Close down your opportunities to add to the debt.  Remove the temptation.

Sure, like the alcoholic can go out and get hold of liquor – you could go out and open the account again.  But, in both cases, it’s a lot bigger barrier to entry than it is if you have that card or bottle lying in your house.


Are there cases when I recommend Avalanche?

Yes, there are.

Every time I work with clients, their plan is different.  A financial plan always works with you specifically and most importantly your money mindset and behaviour towards spending.  So the real answer as to which I choose is in fact, ‘it depends’.  But you have to have general guidance and step off the fence, so I’ve given you what to look out for to choose your own path.

The first case, is when debt is at ‘immoral’ interest rates.  These are usually informal lenders, or ‘loan sharks’ as they’re known.  And in that case, the debt can rise exponentially in a quick period of time.  If you have interest rates of 10%, 12%, 17%, 25% and then one of 55% or more, then go with those.  Or if those loan sharks are threatening your family.

Same goes if there are ‘immoral’ fees on an account.  Then I would prioritise those.

The second case is when paying off that debt is key to your income.  This often comes with trade credit, or finance on machines.  If your income stream is in any way threatened, you need to prioritise those debts.  Because if you can’t earn, you can’t pay anyone back.  And then it all comes tumbling down.

The third case is when not paying a debt will result in your children getting kicked out of school, or your parents out of their old age home, or some other life or personal impact.  Then, we may choose to prioritise those.  But may not put the whole snowball towards them, but pay slightly over the minimum amount.

The last one is for highly analytical people who need a spreadsheet answer.  Then we’ll work out exactly, with every single fee etc included what the real cost of the debt is, and do a highly technical answer – because for them, going against the spreadsheet causes more stress, and so closing tabs is not a high priority.  But these people are not often in debt.  Their spreadsheet mannerisms don’t allow them to be.


So if choosing a payment method of Snowball vs Avalanche is the second step, what’s the third step?


Make sure you close the accounts – and then double make sure

This is an extremely important piece of the puzzle.  So many people think that once they finish paying off the debt, it’s done, they can move on.


Make sure you phone or go in person to close that account.  Only once the account is closed, do the fees stop.  An open account means that you may not be paying interest, but you will still be paying monthly fees.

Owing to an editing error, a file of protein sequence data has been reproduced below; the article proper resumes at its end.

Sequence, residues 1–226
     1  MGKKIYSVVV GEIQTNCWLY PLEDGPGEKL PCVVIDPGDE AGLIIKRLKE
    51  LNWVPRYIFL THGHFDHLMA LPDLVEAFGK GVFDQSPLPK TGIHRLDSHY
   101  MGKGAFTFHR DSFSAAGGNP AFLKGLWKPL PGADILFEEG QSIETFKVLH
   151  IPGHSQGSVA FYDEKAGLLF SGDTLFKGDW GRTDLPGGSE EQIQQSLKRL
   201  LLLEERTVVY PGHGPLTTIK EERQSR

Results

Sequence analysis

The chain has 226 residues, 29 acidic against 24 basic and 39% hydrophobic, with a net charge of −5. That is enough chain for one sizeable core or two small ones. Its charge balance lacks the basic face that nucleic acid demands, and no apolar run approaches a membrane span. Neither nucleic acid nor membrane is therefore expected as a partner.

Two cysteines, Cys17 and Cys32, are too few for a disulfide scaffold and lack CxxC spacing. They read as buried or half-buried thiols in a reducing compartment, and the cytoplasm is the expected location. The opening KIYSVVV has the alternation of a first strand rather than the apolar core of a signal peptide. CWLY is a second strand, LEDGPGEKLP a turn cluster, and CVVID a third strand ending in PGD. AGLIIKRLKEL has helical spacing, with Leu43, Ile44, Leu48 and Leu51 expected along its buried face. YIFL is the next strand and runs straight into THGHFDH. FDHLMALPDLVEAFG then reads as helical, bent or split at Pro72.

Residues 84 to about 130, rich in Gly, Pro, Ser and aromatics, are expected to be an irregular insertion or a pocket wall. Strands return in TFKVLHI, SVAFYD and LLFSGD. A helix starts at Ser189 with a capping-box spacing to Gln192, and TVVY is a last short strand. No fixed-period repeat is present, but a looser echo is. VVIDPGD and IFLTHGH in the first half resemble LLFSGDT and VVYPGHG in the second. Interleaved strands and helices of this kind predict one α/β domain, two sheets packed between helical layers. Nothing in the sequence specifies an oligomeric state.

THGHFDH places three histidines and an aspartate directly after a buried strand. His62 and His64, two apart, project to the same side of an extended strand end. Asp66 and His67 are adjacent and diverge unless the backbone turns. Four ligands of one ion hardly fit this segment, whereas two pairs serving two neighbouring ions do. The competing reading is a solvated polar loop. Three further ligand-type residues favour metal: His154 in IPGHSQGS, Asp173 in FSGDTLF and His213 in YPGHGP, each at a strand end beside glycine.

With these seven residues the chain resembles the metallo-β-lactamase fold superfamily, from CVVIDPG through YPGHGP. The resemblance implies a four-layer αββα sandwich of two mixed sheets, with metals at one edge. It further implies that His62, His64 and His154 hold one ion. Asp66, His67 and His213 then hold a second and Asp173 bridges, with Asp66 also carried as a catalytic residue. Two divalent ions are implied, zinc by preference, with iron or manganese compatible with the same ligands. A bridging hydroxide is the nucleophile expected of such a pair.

And then, once the account is closed, you need to check the following month and the next month that no extra fees are added.

The amount of time I hear stories that start with, “I closed my account and then two years later couldn’t get a home loan because that account was now severely in debt.  When I phoned, they said that the “xx” fee was always paid a month in arrears, so despite closing the account, that next month’s fee was still charged – and I’ve been paying penalty fees on that fee since then.  And that’s ruined my credit score”.

So keep checking it’s closed.  Either with the provider, or on a credit bureaux app.


Friends, you CANNOT live a life free of financial stress when you’re paying off debt.  Even if you have to grit your teeth for a year or two and drastically cut your costs AND take on a side hustle, dig deep.  The compounding effects of that big effort will reap benefits for years and decades to come.  Kill the Debt… it truly is the only way to change the cycle.

In March I’m running my first pilot debt course… it will be taught live, in person via video conferencing, and will become the basis of other courses I will run around debt this year.  It’s the year to Kill the Debt!  Go to my website and sign up.

Have a good week friends, and please recommend this episode to someone you know who may need help finding a way out of debt.

Lisa LinfieldChristian MoneyPodcastBusiness OwnerEntrepreneurdebtgetting out of debtavalanche method avalanche or snowballavalanche vs snowballpaying off debt
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Lisa Linfield

Lisa Linfield is on a God-given mission to free 1 million women from the weight and stress of money. She's a CFP, founder of a wealth management business, and podcast host of Working Women's Wealth